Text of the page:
Cynthia L. Haven discusses her new book
Czesław Miłosz: A California Life
published by Heyday Book
Czesław Miłosz, one of the greatest poets and thinkers of the past hundred years, is not generally considered a Californian. But the Nobel laureate spent four decades in Berkeley—more time than any other single place he lived—and he wrote many of his most enduring works there. This is the first book to look at his life through a California lens. Filled with original research and written with the grace and liveliness of a novel, it is both an essential volume for his most devoted readers and a perfect introduction for newcomers.
Miłosz was a premier witness to the sweep of the twentieth century, from the bombing of Warsaw in World War II to the student protests of the sixties and the early days of the high-tech boom. He maintained an open-minded but skeptical view of American life, a perspective shadowed by the terrors he experienced in Europe. In the light of recent political instability and environmental catastrophe, his poems and ideas carry extra weight, and they are ripe for a new generation of readers to discover them. This immersive portrait demonstrates what Miłosz learned from the Golden State, and what Californians can learn from him.
Cynthia L. Haven is a National Endowment for the Humanities Public Scholar and author of 2018’s Evolution of Desire: A Life of René Girard, the first-ever biography of the French theorist. She has published two previous books on Czesław Miłosz: An Invisible Rope: Portraits of Czesław Miłosz and Czesław Miłosz: Conversations. She has been a Milena Jesenská Journalism Fellow with the Institut für die Wissenschaften vom Menschen in Vienna, as well as a visiting writer and scholar at Stanford’s Division of Literatures, Cultures, and Languages, and a Voegelin Fellow at Stanford’s Hoover Institution. She has written for the Times Literary Supplement and has also contributed to the New York Times Book Review, the Nation, the Wall Street Journal, the Virginia Quarterly Review, the Washington Post, the Los Angeles Times, and other publications.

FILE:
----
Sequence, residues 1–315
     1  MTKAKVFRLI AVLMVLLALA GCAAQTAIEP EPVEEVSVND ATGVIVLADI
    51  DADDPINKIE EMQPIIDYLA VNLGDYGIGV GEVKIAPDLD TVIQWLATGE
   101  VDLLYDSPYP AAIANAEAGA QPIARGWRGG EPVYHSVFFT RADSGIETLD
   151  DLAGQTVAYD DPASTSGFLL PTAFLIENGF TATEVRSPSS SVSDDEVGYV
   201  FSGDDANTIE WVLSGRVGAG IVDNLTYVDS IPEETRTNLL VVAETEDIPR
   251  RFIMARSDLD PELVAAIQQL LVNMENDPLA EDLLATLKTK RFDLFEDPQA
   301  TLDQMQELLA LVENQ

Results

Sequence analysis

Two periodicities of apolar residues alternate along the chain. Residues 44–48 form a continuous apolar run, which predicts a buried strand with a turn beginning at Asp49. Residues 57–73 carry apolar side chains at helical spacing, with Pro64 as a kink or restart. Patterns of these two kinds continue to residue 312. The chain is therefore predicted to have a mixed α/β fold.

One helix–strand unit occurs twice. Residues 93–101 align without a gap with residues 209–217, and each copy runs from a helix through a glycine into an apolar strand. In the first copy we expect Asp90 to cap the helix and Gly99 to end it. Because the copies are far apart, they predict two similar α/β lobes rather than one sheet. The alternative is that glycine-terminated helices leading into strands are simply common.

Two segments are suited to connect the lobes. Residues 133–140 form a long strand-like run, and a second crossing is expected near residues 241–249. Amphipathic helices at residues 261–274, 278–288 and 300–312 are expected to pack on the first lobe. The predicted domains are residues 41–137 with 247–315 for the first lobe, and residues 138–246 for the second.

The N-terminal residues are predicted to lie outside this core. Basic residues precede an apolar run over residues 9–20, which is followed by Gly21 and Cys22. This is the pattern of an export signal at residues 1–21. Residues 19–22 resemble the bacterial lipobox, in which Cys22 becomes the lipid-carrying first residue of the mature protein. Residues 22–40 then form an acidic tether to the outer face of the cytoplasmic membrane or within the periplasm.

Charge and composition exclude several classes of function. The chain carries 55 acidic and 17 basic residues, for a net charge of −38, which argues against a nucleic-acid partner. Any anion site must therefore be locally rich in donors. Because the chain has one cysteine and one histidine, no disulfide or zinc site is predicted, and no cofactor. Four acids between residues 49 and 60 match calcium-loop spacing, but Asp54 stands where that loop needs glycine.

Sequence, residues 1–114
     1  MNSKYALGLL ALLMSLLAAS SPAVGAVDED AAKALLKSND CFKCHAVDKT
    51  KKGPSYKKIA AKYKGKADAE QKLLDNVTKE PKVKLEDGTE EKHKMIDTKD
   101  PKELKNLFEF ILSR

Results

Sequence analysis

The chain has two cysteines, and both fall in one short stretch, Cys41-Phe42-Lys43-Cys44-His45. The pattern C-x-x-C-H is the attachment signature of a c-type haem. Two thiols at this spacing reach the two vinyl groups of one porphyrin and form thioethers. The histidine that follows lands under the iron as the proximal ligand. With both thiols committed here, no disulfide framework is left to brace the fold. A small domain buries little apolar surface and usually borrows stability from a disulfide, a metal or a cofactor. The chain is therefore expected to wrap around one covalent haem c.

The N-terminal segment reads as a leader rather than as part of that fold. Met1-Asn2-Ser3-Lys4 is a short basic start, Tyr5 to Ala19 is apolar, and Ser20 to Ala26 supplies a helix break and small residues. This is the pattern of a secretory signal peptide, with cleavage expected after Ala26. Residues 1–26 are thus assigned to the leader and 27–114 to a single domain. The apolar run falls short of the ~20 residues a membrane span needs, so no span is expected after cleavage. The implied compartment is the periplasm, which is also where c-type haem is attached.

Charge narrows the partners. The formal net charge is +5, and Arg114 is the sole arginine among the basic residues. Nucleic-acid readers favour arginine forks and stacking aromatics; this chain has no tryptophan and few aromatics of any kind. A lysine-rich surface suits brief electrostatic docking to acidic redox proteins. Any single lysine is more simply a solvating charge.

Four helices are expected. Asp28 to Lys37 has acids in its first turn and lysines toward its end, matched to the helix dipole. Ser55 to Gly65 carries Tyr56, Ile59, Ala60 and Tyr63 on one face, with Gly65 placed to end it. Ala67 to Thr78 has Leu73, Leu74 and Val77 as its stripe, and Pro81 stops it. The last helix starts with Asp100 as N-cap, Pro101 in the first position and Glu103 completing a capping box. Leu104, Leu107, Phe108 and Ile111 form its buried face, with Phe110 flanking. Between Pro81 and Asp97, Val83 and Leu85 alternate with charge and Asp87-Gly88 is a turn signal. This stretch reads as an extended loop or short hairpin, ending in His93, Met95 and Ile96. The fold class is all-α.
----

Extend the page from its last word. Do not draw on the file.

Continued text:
Advance praise for Czesław Miłosz: A California Life
“Czesław Miłosz: A California Life asks about the meaning of exile, about the possibilities of a new home, about the transformation of a poetic perspective, about alienation and the building of literary bridges. But in the end, the book asks one big, nearly impossible question: How did the great Polish exile Miłosz change his newfound home—and how did California, after so many years, transform Miłosz’s own metaphysics? For it is a metaphysical question, after all: How does a place change the poet, and what does a poet do to shift our perspective on the place? On this unending journey, Cynthia L. Haven is an illuminating guide, one who brings knowledge, precision, and grace. There is much to learn from this book about Miłosz and California, yes, but also about poetry and the world.” Ilya Kaminsky, author of Deaf Republic
“My father came to Berkeley in 1960, a towering Polish poet who testified to the murderous apocalypse of World War II, the nightmare of Stalinism, and the glow of the human spirit. Far from a monotonous exile, he gradually discovered in California a home for forty years, a vital inspiration, and a new international audience, leading to the Nobel Prize in 1980. Cynthia Haven tells this complex story from a deep and moving California perspective. Entrancing.” Anthony Miłosz, executor of the Miłosz Estate
“Mining the largely untapped vein of Miłosz and California, Cynthia Haven has struck paydirt, a gold mine of perception and insight.” Richard Lourie, author of The Autobiography of Joseph Stalin
Sponsored by the City Lights Foundation